Worker Classification: An Auditor's Advice For IRS Compliance
While Independent Contractors may be a necessary and strategic component to your business, the IRS, Workers Compensation, and state agencies are concerned with whether or not a worker has been misclassified – and thus feel that they are not getting their share of taxes – and have stepped up the number of audits that are aimed specifically at worker classification.
A “re-classification” of the your Independent Contractors to employees can result in assessments against your organization for back taxes, substantial penalties, and interest. To prevent substantial fines and penalties you need to know the rules regarding what makes a worker an Independent Contractor versus an employee, and that is where this training session can help.
Your trainer is Mark Schwartz, a former payroll tax auditor. Mark will provide examples from his auditing and hearing experience, including the twenty factors used to determine if an employment relationship exists. He’ll also help you analyze language used in contracts with Independent Contractors to see if such language can be used against you in an audit.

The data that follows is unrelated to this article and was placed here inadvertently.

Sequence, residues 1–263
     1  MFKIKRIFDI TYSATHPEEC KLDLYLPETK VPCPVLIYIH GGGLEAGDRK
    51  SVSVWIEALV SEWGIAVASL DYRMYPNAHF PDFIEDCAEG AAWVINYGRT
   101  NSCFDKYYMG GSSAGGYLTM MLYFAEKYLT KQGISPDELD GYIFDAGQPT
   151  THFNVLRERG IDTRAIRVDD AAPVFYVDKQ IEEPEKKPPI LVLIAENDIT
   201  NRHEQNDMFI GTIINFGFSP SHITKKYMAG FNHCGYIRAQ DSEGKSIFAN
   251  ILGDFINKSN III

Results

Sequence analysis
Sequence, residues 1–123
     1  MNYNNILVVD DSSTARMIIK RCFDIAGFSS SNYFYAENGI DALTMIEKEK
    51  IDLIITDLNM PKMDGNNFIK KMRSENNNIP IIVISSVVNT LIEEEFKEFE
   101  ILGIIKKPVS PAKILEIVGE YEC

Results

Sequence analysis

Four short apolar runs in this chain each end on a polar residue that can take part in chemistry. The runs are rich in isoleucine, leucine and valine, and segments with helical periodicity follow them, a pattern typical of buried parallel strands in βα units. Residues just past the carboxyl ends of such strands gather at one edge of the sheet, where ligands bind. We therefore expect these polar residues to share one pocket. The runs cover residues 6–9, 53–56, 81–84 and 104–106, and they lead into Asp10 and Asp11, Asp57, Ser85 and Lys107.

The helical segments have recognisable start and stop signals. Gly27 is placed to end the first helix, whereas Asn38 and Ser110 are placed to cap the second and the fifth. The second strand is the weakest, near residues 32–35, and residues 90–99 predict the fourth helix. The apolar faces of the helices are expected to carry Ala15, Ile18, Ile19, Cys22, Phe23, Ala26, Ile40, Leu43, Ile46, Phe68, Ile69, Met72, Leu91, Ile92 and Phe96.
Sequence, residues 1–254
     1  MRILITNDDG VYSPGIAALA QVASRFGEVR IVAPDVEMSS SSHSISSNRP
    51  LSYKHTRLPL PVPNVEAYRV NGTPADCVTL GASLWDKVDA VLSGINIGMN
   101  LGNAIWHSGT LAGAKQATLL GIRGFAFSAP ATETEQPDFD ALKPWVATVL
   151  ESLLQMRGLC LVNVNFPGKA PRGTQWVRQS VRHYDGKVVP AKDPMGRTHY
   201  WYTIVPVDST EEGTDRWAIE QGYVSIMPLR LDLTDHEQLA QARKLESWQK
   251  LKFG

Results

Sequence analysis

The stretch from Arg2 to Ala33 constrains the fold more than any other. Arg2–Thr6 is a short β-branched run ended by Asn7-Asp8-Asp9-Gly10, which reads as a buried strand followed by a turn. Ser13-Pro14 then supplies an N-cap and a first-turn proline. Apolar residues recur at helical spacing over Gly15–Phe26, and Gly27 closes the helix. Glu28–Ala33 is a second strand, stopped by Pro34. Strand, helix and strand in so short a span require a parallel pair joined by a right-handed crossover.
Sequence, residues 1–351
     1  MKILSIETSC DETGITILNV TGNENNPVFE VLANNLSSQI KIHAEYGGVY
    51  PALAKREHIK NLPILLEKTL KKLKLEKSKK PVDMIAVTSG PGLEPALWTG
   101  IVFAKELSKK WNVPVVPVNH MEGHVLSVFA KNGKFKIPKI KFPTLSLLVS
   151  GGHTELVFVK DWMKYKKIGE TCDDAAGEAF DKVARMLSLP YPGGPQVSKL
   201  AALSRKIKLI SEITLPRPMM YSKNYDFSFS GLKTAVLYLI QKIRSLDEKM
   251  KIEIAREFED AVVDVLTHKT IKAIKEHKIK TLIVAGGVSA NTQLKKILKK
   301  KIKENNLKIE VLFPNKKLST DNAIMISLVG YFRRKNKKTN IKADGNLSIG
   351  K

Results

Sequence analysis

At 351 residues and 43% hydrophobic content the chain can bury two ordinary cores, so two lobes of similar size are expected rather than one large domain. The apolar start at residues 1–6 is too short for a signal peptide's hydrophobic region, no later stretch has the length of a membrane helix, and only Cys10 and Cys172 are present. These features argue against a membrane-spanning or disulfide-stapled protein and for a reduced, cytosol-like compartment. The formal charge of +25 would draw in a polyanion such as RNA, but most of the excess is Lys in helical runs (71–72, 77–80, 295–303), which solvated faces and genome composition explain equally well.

You will leave the webinar understanding how to defend your position on your workers so the auditors will have a difficult time substantiating re-classification of your Independent Contractors to employees.What You'll Learn:
During this training session, you will learn how to properly indentify, use, and pay Independent Contractors to prevent costly worker-classification audits. Specifically, you and/or your team will learn:
- The twenty factors used to determine if an employment relationship exists
- What the IRS and states consider a bona fide independent contractor
- How to use contracts to solidify your relationship – and how they can both help and hurt
- How to set up a screening system that can be used by your hiring managers and human resource personnel to insure that they are following the IRS rules
- What the auditing agencies are focusing on
- How to determine the scope and potential areas of focus for your audit
- How to identify any areas of concern prior to an external audit or an audit by another group within your company
- Common areas where mistakes or issues can normally be found
- How a review can help you detect internal control issues
- Where to go to for assistance so you're not re-creating the wheel
- Devising a game plan on what you want to review and how to divide and conquer